Three thousand people died in road accidents last year, representing an increase of 5.2 per cent from 2014.
The National Transport and Safety Authority road safety status report 2015 shows that 3,057 died last year compared to 2,907 in 2014.
The report shows that pedestrians killed last year slightly increased from 1,340 in 2014 to 1,344 in 2015.
Some 339 drivers died in 2015 compared to 268 in 2014, an increase of 26.49 per cent.
Motorcycles killed 637 in 2015 compared to 553 in 2014, representing a 15 per cent increase.
The report, released at Panafric Hotel, shows that 668 passengers died in 2015 while 642 died in 2014, a four per cent increase.
A further 304 died countrywide December last alone compared to 270 in December 2014, with the most productive aged between 20 and 44 years and peak age being 30-34.
NTSA director general Francis Meja yesterday said crashes continue to have enormous social economic impact.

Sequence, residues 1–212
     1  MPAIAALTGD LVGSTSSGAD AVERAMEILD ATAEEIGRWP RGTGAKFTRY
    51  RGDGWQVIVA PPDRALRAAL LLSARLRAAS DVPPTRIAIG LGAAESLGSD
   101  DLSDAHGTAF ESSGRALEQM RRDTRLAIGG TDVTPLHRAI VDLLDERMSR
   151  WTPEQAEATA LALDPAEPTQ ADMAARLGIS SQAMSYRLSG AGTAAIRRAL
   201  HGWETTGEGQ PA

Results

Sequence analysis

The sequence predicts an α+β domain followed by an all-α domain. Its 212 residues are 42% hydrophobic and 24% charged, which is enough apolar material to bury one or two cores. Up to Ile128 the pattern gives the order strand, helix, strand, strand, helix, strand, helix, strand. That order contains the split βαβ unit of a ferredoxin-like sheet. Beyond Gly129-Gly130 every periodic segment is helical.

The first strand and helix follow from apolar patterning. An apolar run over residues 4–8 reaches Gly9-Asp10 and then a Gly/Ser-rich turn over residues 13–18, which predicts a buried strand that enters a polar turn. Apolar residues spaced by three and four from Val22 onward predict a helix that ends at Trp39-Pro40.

“We need road safety integrated into other sectors of the economy just like HIV and Aids,” Meja said.
He was with board chairman Lee Kinyanjui.
Curriculum review, introduction of smart driving licence and lobbying for more funds are some of the areas the authority is looking at.
In Kenya, it is estimated that crashes cause a loss of 5.6 per cent of the national GDP.
High population, increase in number of vehicles and the improved road networks increases the risks.
Nairobi county registered the highest fatalities with more than 20 deaths per 100,000 population, followed by Nakuru and Taita Taveta with 17 and 15 respectively.
Lamu had the lowest fatality.
In 2014, PSVs contributed to 42 per cent of road carnage.
This was however reversed by interventions by the authority that saw private cars contribute 35 per cent compared to PSVs’ 20 per cent last year.